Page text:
Thursday, June 30, 2011

Dean Martin: Absolutely Essential

Hey pallies,likes always loves to reads me a great review of some Dino-treasure...and today's Dino-gram from the pad "" is indeed a extraordinary review of the recently released expanded edition of "DINO: The Essential Dean Martin."

Likes don't know the tagg of the writer of this Dino-review, but for sure dudes this pallie "gets Martin." From the tagg of the review "Dean Martin: Absolutely Essential" to the closin' words of the musical reflection..."Pour yourself a scotch on the rocks, put on your slippers, and sit back and luxuriate in this essential collection," these Dino-thoughts obviously flow outta deep deep Dino-devotion.

The scribe of this Dino-prose is obviously a Dino-holic of huge porportions..sayin' such wonderfully wise thin's of our Dino like..." the purity of Martin’s voice" and
"Martin’s golden throat." Likes how enchantin' to know that there are others enchanted by our beloved Dino!

So enjoys readin' this review filled with likes total total Dino-admiration. Thanks to the pallies at "" and 'specially to the dude who penned these awe-filled Dino-thoughts. To view this in it's original format, likes just clicks on the tagg of this Dino-message. Dino-hearted, DMP

Dean Martin: Absolutely Essential

Posted on 29 June 2011 by

Every generation discovers the Rat Pack at some point. Those who grew up in the 1950s and 1960s watched its formation in real time and grew up with the magical music of Frank Sinatra, Sammy Davis Jr., and Dean Martin. In the mid-1990s, the film Swingers introduced a new generation to the joys of cocktail culture and the music that made that era famous. And on what would have been his 94th birthday, Capitol Records released a pair of collections: the 14-track Classic Dino: The Best of Dean Martin and an expanded release of Dino: The Essential Dean Martin, which has been expanded from its original release to include 36 of Martin’s top hits across two CDs. (This review will focus only on the latter.)

The new collection, includes a previously unreleased studio version of “Rock-A-Bye Your Baby with a Dixie Melody,” which was recorded in 1950, and was believed lost until it was discovered in the Capitol vaults.

Fans of Dean Martin probably have the remainder of the tracks on the 36-track set; however, they likely do not have them in one convenient package and, for those who are unfamiliar with Martin’s catalog, this set is a must have. Upon first listen, new fans will be struck not only by how many of the songs that they know — even if they were not aware that Martin was the singer — but also by the purity of Martin’s voice and the craft that went into writing the songs that grace this set.

Every song is iconic and the digitally-remastered tracks pop, highlighting not only Martin’s golden throat, but also the talented musicians who backed Martin. Horns pop, pianos tinkle, and drums land with a crispness and discipline that you don’t hear anymore.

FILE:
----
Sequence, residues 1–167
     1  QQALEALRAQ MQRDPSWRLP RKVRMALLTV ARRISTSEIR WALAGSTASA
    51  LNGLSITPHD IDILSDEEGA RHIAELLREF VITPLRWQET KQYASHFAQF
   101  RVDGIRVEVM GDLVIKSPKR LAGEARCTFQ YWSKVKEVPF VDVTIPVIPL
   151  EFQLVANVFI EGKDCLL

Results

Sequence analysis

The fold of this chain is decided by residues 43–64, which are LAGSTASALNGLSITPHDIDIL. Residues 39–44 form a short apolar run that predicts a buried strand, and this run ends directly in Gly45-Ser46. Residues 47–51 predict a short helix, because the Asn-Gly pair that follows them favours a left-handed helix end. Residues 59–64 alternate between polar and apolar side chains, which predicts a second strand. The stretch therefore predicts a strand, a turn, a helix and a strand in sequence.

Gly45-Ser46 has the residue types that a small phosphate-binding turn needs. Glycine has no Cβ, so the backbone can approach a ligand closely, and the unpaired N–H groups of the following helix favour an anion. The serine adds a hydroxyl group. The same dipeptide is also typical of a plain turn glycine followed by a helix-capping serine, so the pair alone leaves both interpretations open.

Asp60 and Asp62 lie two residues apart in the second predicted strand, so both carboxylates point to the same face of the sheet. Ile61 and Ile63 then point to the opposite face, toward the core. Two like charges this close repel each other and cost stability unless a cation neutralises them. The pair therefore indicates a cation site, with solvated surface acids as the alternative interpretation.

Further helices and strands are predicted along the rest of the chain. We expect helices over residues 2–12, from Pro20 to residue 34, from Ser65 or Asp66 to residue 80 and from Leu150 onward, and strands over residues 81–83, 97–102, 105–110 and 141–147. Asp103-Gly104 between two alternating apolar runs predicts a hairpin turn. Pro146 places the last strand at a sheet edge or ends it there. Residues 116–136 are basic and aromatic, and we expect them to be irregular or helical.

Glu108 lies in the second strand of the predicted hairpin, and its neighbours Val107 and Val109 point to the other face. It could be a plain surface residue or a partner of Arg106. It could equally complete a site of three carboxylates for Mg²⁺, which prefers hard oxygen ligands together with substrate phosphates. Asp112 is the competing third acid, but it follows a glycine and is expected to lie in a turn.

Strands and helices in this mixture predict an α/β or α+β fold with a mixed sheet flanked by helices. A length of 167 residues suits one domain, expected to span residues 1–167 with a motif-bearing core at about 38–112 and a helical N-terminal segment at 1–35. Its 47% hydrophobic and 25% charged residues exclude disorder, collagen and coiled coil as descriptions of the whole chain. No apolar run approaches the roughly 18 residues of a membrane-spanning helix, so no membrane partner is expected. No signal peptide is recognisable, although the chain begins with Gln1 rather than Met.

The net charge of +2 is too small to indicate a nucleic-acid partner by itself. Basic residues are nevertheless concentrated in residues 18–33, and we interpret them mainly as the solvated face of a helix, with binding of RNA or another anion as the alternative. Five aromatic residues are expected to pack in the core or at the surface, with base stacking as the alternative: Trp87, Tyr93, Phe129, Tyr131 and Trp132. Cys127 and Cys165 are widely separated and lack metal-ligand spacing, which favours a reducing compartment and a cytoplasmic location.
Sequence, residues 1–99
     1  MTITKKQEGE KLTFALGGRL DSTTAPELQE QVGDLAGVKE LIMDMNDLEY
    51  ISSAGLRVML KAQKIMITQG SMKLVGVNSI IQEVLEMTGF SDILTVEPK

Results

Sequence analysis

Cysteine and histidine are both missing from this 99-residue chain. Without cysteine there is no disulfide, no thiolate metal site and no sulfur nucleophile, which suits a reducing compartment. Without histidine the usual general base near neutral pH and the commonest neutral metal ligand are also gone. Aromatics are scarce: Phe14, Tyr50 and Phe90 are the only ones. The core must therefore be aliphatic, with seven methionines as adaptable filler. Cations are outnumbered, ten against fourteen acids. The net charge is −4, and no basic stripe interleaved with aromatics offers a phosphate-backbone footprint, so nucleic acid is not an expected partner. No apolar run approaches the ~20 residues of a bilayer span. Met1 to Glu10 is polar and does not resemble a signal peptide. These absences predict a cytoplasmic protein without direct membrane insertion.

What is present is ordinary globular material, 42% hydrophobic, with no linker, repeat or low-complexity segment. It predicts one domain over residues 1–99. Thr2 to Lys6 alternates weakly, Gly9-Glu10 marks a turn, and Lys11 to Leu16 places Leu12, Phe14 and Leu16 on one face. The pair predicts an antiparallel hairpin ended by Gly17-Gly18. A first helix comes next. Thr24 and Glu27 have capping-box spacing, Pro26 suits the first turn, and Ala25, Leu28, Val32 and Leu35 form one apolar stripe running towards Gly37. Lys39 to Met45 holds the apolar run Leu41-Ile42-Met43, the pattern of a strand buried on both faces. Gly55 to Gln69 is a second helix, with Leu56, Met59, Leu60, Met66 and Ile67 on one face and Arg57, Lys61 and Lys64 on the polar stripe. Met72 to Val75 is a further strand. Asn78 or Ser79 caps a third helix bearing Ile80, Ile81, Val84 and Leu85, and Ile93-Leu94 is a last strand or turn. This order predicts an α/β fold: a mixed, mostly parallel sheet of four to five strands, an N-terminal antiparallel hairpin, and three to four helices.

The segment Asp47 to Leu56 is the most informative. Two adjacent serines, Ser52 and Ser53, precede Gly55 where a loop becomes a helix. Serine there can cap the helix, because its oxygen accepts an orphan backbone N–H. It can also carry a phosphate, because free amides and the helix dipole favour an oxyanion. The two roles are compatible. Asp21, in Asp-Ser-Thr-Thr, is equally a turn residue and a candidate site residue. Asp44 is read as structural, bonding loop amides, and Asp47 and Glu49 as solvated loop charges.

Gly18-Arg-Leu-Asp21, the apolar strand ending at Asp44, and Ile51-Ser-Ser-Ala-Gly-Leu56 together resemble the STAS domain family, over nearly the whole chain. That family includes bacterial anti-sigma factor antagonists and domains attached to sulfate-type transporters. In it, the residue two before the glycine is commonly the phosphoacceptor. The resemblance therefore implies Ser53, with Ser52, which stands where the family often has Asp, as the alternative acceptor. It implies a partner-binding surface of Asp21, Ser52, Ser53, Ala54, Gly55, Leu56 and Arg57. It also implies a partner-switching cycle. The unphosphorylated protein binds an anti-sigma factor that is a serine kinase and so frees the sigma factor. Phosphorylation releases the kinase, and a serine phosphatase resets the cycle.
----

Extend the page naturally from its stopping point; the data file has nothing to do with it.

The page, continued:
Sinatra’s place in the musical pantheon is unquestioned. Sammy Davis Jr., while a great singer, was something of a novelty — the African-American sidekick to a group of Caucasian guys. Martin, for all of the acclaim bestowed upon him, never seemed to get the proper respect for his talents; for his ability to croon as effortlessly in Italian as he could in English, and his ability to switch languages from verse to verse (as he does in “Volare (Nel Blu, Di Pinto Di Blu).”)

This is absolutely a nostalgic trip. Those expecting anything else will be disappointed. (Then again, if you’re considering this set, you’re probably not expecting Martin to bust out a Biz Markie cover.) It is also a wonderful artifact of a time when smoking was cool, and when great songs and a powerful voice to sing them were almost exclusively the only way to succeed in the music business. Pour yourself a scotch on the rocks, put on your slippers, and sit back and luxuriate in this essential collection.


Anonymous said...

I just received my Essential Dean Martin cd and was delighted.
I only bought the cd for the lost song as I have all the other songs dozens of times over.
Because Rockabye Your Baby was recorded in 1950 and had been lost for 60 years, I didn`t expect it to be anything great.
I just wanted it to complete my collection.
After hearing Dean sing Rockabye Your Baby I was pleasantly surprised.
Dean sounded great and he really got into the song and did a great recording.
Years later to everyones surprise, most of all Deans I think, Jerry recorded Rockabye Your Baby and actually had a hit with it.
Considering Jerry is a terrible singer I think he did a good job.
So we had a choice, listen to Al Jolsons version or Jerry Lewis ???
Now we have Deans version I know which version I like the best :)
Hugs n Kisses
from Kylie xxxoooxxx

dino martin peters said...

Hey pallie, cool for you Miss Ky....indeed if our Dino does a one else's version can ever ever matter.....thanks for sharin' your ever thoughtful Dino-thoughts...and above all else, keeps lovin' our Dino!